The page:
Intersectional Feminist Approaches to Teaching and Learning


In the context of modern computer programming, the origin tale of code often begins with the Difference Engine and the Analytical Engine invented by Charles Babbage in 19th century Europe. This beginning, buoyed by the industrial revolution and militarization, fostered an embedded set of values into computation aligned with an ideology of standardization, optimization, and flawlessness. “Good” code is efficient code that operates on a scarcity mindset, limited by hardware and energy resources.

And yet, there are histories to math, engineering, and computing that are less prominently recognized because they do not neatly fit into the narratives of capitalist production. Ada Lovelace and her contribution to the development of modern computing has only recently been more broadly recognized. Textile production, which led to the invention of the Jacquard Loom, was a great inspiration to Charles Babbage’s research. Gendered and racialized preconceptions greatly impact what is validated as technical and creative work. We believe that it is time to confront how computational history has been retrofitted to tell a single narrative by recentering marginalized ways of knowing. For example, one may trace back to poe divination to gain a new perspective on the boolean variables. Quipu may be seen as one of the oldest examples of data storage. Fractals, which are often reduced to mathematical formulas in computer science classrooms can be traced back to multiple beginnings throughout ancient history such as traditional African architecture.

The Critical Coding Cookbook perceives history as a messy entanglement rather than a linear graph. There is a growing awareness towards reclaiming ancestral knowledge and a movement to decolonize computation. Through centering marginalized bodies and identities, we aim to build a collection of alternative histories, narratives, and approaches to computation. This volume of material can serve as an open-source educational resource across a spectrum of learning communities.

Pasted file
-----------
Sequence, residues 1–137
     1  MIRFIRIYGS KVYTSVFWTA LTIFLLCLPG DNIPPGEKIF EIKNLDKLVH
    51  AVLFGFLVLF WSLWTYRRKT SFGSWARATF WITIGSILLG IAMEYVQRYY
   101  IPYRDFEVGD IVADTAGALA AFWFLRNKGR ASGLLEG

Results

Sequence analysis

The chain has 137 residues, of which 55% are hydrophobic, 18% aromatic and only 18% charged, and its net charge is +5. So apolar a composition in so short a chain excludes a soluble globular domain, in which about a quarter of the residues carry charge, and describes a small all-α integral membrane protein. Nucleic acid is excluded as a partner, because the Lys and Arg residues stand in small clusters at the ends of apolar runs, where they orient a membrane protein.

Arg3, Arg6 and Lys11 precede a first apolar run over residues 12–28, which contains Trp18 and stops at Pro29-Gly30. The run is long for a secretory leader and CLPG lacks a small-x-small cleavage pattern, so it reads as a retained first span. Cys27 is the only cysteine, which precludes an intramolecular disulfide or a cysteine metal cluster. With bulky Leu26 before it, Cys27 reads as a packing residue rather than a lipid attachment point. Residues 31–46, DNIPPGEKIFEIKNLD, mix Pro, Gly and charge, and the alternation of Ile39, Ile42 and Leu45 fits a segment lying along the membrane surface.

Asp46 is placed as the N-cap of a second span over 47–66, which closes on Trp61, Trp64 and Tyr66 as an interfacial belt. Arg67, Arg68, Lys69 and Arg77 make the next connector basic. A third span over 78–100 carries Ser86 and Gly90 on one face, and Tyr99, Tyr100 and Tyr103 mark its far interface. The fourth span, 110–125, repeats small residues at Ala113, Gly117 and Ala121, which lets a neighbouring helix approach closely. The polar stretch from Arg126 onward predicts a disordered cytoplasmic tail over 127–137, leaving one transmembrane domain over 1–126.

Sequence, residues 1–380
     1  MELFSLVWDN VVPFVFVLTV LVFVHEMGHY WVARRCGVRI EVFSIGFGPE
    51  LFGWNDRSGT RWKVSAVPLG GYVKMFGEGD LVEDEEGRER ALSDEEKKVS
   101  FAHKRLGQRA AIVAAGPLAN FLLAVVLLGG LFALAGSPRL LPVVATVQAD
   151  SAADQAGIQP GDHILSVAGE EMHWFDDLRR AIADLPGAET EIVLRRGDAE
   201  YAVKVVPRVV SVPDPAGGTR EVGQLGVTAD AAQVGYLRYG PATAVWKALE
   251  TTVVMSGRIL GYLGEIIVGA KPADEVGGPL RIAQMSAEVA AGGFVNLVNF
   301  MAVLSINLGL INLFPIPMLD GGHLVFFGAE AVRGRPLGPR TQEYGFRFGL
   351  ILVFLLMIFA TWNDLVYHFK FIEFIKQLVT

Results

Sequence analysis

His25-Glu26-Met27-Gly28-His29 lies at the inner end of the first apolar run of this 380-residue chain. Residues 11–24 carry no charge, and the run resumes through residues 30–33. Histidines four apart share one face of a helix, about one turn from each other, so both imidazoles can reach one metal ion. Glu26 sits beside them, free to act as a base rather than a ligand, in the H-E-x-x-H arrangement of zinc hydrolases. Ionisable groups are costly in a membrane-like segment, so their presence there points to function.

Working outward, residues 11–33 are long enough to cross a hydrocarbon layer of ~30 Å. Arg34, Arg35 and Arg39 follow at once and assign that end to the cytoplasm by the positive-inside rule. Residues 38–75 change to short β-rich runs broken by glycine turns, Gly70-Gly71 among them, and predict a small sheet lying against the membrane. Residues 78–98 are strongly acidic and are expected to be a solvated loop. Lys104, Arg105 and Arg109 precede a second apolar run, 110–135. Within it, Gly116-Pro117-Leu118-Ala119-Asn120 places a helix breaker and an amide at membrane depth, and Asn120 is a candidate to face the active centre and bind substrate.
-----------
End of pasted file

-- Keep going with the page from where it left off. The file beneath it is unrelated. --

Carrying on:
What are We Looking for

We are seeking work that illustrates how to interrogate, deconstruct, and decolonize, the teaching and learning of code from an intersectional feminist lens. Contributions can take the form of assignments, activities, projects, code examples, collaborative tools, and/or case studies. These should be formatted with clear instructions that can be replicated (like a recipe) for someone else to follow. The goal is to share.

We are especially interested in contributions that outline specific approaches that integrate intersectional feminist theory and concepts with practice-based code instruction.

Why are We doing this?

Currently there are not many resources available to consult for examples of code pedagogy and practice that engages with the intersectional dynamics of social, economic, racial, disability and gender-based oppression. Historically, work by people occupying/addressing multiple marginalized identities has been rendered invisible in technology discourse. As a result, the history of code and code pedagogy has operated from a white, western, rational discourse, which comes with a colonial, militaristic, and eugenicist world view.

As artists and designers who use code both in teaching and practice we are interested in organizing alternative approaches to this topic so that we can collectively build, change, alter the way we learn and teach code.

Additional Details

We plan to publish digitally under a Creative Commons Attribution-Non-Commercial-Share-A-like 4.0 license which allows for adaptations of work to be shared with attribution as long as others share alike, and non-commercial (profit-driven) use of the work.

Due Date

August 15th, 2021

Submission Guidelines

We are collecting the following information to be included in the recipe:

  1. Title
  2. Short description (250 words)
  3. Three keywords that reflect the themes of your recipe
  4. Long description (500~800 words)
    Please respond to the following questions in your description:
    • What is the context or background that inspired your recipe?
    • Which community are you offering the recipe to?
    • How does your submission relate to intersectional feminism?
  5. Images (optional)
    • Image credits
    • Alt-text description for the image
    • Confirmation of coverage under open-source license
  6. Further readings (optional)


We will provide an honorarium to all the contributors.

Application Form